40 years ago Manoshi Barua inherited a notebook with an old newspaper clipping inside. It was in Chinese, and showed a photo of her father as a young Indian doctor working in China. So what did it say? When chance brought Manoshi together on the fifth floor with BBC China's Yuwen Wu she finally had the opportunity to crack the mystery. Image: Manoshi Barua holding a newspaper cutting Credit: BBC


Inside the Lula Story

Brazil's former president Luiz Inacio Lula da Silva, who's facing a lengthy prison term for corruption, stirs high passions both in those who support him and those who don't. The BBC's Fernando Duarte gives us insights into a charismatic leader he reported on for many years. Image: Former Brazilian President Luiz Inacio Lula da Silva Credit: Igo Estrela/Getty Images


Handball and Politics on BBC Serbian

BBC Serbian went live this week with a big challenge: reporting Serbian stories and issues without always getting drawn back into the 1990s Balkans conflict. Then there's the unresolved issue of Kosovo, which declared itself independent of Serbia ten years ago, a move Serbia rejects. So maybe a story about a women's handball competition in Belgrade would be a safe one to launch with. BBC Serbian editor Alexandra Niksic hoped so. Image: Serbian women's handball player Kristina Liscevic...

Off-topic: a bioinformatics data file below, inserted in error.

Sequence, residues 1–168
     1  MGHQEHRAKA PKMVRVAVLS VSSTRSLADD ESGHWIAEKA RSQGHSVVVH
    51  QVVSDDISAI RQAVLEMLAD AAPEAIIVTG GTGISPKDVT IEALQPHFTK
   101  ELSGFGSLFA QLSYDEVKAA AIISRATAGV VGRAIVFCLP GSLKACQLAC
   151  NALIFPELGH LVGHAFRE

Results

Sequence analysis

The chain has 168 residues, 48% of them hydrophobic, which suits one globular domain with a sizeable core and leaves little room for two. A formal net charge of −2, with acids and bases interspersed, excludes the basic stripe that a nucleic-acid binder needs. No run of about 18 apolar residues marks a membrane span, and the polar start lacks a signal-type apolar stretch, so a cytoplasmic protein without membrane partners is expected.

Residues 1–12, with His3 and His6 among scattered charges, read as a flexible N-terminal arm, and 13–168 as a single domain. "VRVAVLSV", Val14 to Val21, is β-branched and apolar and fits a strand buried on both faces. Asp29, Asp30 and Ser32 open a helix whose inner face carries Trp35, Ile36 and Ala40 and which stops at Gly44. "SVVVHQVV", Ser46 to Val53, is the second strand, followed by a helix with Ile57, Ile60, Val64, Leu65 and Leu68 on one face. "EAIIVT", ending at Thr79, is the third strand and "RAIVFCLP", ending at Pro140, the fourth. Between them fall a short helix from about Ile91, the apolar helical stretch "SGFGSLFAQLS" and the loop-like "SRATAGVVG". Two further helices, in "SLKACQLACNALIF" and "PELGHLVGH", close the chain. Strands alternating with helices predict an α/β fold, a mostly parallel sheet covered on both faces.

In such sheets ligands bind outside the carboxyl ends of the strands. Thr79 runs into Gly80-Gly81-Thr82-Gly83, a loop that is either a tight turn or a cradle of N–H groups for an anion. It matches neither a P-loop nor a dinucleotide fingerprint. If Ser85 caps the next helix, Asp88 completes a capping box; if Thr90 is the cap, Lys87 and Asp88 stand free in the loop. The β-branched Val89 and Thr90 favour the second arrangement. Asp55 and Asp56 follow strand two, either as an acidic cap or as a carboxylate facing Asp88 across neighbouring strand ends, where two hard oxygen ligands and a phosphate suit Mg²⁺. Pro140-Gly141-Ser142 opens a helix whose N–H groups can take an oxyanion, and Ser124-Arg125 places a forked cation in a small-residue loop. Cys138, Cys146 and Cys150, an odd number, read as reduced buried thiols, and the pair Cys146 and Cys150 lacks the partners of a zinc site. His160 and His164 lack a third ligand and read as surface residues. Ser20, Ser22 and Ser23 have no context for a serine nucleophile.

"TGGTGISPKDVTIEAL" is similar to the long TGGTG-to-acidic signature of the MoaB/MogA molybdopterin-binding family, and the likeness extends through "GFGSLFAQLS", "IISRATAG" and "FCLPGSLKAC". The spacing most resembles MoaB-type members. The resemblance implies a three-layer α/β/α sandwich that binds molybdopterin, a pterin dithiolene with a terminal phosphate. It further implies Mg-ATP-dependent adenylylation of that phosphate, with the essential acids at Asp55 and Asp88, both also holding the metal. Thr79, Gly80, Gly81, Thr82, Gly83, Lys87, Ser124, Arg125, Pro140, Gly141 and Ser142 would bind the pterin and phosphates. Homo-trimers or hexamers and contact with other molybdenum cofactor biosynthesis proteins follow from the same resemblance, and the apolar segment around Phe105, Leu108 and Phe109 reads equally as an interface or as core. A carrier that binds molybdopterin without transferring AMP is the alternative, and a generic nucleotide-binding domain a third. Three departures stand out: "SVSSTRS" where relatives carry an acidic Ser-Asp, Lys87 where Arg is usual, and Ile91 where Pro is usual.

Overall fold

Road Rage, Rumour and Riots: Sri Lanka

This month violence erupted in the Sri Lankan city of Kandy. It started when a group of Muslim youths beat a Sinhala man following a minor traffic incident, but his death sparked days of rioting, the destruction of hundreds of Muslim properties, and at least two deaths. Azzam Ameen of BBC Sinhala sheds light on the role of social media, rumours and fake stories in raising inter-community tension. Image: After the riots in Kandy Credit: BBC


A Rohingya Love Story

Since last August, around 700,000 Rohingyas have fled their homes and sought refuge in Bangladesh. Many now live in the huge Kutupalong camp, where Rocky Shahnewaj, a photojournalist with BBC Bangla, was surprised to come across a love story. Image credit: Rohingya couple reunited in a refugee camp in Bangladesh. Credit: BBC


Poison and Spies in Sleepy Salisbury

BBC Russian has been at the heart of this week's reporting on the mysterious poisoning of a former Russian spy in Salisbury. Olga Ivshina tells us that a complex investigation in a quiet English city is just as difficult in its own way as frontline reporting from eastern Ukraine. Image: Salisbury Cathedral in the mist Credit: Matt Cardy/Getty Images


Defiant Voices From Eastern Ghouta

Eastern Ghouta has suffered intense bombardment as Syrian government forces attempt to oust rebel groups. But behind the name is a place with its own history and aspirations, and home to a defiant group of women blogging even as the shelling intensified. Lina Shaikhouni has been following their posts for BBC Monitoring. Image: Syria's Eastern Ghouta under attack Credit: Hamza Al-Ajweh/AFP/Getty Images